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How can I tell the difference between good and bad websites?

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It can be difficult to tell a trusted, safe website apart from a fake, unsafe one. After all, there is no quality-control mechanism in place on the net. But if you’re vigilant and aware of the potential danger signs, you should be able to tell good from bad.

Jack Schofield | 9th September 2010

Telling good websites from bad ones is mainly a matter of experience, and you probably won’t even think about it unless something makes you suspicious. Try to be less trusting on the internet and you’ll be harder to con.

Always ask yourself who created the content, why, and whether it is still up to date. Is the source likely to be reliable, and if not, can the information be checked?

Trusted brands

In many cases, people trust websites based on the real-world reputations of the people behind them. Organisations as diverse as the Mayo Clinic, Johnson & Johnson, BMW, Sony, John Lewis and the BBC have established strong reputations offline, and this carries over to their online operations.

Trustworthy organisations often provide the names of company officials, addresses (sometimes with photographs of buildings) and phone numbers. They want to show there’s something tangible behind the website, and it’s not just an empty shell.

Bloggers can also enhance their reputations by providing background information. A few will need to hide behind nicknames, for obvious reasons. However, many more use their ‘About’ pages to tell you about their qualifications, where they work, and how to contact them via email, Twitter, LinkedIn, Facebook, and so on.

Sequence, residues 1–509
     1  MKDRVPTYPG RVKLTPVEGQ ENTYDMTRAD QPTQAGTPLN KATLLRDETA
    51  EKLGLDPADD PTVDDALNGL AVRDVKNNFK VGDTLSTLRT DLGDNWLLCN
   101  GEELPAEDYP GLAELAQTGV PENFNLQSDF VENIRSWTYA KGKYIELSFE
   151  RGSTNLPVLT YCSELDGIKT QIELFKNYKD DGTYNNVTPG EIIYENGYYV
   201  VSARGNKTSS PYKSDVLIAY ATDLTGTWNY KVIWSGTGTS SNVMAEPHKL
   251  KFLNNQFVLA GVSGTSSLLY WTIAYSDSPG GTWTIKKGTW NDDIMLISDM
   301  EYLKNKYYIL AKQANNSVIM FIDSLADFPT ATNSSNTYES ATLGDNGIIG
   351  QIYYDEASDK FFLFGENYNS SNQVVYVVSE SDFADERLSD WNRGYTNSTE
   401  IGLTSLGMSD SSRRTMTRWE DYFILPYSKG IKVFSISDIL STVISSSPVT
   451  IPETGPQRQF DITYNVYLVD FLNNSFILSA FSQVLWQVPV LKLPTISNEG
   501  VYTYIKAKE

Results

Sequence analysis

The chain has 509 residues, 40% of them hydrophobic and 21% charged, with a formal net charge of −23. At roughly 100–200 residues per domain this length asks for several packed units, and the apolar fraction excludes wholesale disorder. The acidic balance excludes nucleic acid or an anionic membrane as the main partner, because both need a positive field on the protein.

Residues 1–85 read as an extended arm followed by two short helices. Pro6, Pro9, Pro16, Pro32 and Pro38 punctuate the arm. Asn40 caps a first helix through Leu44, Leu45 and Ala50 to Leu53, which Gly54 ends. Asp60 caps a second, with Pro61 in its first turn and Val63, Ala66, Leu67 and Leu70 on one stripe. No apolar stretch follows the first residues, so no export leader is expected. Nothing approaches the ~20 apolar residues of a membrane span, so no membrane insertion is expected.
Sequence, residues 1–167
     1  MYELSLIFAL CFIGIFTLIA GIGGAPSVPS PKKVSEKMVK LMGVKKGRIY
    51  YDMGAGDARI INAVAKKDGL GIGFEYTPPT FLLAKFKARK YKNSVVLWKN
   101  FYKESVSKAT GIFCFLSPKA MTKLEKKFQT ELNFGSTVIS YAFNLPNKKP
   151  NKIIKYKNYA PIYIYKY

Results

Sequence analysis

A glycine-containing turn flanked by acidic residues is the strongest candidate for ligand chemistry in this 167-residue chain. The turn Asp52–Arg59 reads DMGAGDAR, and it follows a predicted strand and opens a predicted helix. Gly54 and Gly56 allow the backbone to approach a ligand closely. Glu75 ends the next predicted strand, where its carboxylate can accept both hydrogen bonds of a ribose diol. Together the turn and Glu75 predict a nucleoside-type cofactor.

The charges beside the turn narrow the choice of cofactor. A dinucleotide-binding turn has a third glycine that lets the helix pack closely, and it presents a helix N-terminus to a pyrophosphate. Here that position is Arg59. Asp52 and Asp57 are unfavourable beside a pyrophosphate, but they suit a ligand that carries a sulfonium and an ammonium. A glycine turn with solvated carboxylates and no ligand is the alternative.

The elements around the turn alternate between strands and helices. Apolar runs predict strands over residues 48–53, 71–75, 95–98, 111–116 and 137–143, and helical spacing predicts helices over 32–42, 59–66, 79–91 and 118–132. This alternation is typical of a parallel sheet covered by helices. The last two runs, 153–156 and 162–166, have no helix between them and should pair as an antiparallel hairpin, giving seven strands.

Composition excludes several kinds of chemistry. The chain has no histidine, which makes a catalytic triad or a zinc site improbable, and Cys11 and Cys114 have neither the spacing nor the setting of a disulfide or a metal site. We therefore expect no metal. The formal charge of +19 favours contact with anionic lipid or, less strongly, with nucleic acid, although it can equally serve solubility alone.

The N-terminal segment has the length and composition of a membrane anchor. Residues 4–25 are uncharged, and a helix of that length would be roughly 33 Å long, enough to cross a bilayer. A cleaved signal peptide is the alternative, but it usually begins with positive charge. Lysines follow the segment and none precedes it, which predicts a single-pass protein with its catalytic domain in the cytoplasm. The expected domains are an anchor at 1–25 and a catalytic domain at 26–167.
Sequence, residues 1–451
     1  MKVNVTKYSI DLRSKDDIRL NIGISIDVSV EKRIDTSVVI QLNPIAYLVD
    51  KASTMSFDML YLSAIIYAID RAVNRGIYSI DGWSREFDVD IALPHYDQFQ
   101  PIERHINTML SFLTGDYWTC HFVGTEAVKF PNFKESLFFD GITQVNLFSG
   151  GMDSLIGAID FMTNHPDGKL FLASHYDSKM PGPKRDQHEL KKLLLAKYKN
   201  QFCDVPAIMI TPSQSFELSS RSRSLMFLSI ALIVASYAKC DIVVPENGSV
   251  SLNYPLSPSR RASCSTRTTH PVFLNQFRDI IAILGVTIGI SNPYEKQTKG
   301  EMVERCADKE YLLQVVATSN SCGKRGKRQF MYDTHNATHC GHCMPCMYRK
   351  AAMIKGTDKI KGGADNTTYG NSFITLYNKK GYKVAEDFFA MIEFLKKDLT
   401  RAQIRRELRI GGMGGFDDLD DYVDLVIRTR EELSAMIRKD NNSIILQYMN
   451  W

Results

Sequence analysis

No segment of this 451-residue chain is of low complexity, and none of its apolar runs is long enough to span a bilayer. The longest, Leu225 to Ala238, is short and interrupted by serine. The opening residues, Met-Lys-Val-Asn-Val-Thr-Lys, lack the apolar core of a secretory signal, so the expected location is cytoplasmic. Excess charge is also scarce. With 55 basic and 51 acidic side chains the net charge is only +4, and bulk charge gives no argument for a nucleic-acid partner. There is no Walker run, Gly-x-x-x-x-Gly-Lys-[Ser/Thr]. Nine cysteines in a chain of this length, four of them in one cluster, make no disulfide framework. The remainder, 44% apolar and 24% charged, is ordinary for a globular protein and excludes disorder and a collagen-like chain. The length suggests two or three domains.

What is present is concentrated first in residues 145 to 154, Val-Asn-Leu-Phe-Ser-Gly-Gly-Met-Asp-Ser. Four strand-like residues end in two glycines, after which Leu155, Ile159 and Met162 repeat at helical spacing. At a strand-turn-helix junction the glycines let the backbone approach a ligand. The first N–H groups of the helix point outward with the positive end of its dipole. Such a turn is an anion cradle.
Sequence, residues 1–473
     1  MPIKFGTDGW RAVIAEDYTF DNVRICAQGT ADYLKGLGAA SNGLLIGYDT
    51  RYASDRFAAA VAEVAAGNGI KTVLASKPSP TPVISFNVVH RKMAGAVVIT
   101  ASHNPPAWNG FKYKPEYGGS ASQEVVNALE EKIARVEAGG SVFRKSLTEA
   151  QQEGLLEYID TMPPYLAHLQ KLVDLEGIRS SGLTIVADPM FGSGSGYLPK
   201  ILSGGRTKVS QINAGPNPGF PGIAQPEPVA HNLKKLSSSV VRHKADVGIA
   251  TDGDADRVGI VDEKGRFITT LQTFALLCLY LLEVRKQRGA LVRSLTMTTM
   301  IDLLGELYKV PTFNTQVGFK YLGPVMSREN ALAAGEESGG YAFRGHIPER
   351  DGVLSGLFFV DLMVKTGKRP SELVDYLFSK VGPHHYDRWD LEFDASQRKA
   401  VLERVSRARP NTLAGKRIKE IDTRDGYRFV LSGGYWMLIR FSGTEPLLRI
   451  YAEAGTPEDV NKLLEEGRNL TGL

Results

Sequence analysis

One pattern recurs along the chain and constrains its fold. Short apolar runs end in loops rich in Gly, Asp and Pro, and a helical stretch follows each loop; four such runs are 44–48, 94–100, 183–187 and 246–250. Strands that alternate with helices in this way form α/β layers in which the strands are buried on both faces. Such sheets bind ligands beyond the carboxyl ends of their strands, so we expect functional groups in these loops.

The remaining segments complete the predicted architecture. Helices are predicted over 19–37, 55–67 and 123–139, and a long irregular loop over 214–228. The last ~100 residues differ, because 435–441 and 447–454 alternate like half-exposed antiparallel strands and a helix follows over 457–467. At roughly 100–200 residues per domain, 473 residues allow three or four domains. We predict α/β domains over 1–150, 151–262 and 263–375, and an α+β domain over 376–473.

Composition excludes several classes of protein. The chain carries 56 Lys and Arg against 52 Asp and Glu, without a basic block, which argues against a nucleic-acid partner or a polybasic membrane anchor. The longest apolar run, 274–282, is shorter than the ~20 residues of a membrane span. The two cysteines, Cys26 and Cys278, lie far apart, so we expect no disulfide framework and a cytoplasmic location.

If they are willing to put their reputations on the line then - barring the obvious cranks - they are probably more trustworthy than anonymous bloggers.

Beware frauds, fakes and ‘haters’

If you are not familiar with an organisation’s website or its products, use a search engine to find out whether other people have had problems. Includie words such as “scam” or “sucks” in your searches - it’s a good way to dig out the worst responses. Bear in mind that the web has no shortage of ‘haters’, and most companies will have some. However, widespread negativity is a warning sign.

You should also watch out for some common online scams. These include charging for file-sharing software (eg Limewire) or browsers (Firefox) that are actually free, and selling fake anti-virus software - programs that pretend to detect viruses on your PC, then charge you for pretending to clear them up. Be wary of any deal that looks too good to be true.

The web also has fake sites that are not what they pretend to be. These are often promoted by spam emails or messages that contain obscure or unintelligible links - they appear to take you to a well-known bank, for example, but lead to a copy of the bank’s site instead.

They are ’phishing’ for your logon name and password so they can steal from your account. Some browsers warn users about suspicious sites. In Internet Explorer 7, for example, the address bar turns green if a website is verified, yellow if it could potentially be fake and red if it’s a known phishing site.

The web works because people can navigate around it by following links. This is usually safe because good sites check their links and will try to avoid sending you to a bad site. But remember, the web has no quality-control mechanisms and anybody can publish almost anything they like.


Jack Schofield

Jack Schofield

Jack Schofield is a technology journalist and blogger who covered IT for the Guardian from 1983 to 2010. Before specialising in computing, he edited a number of photography magazines and books.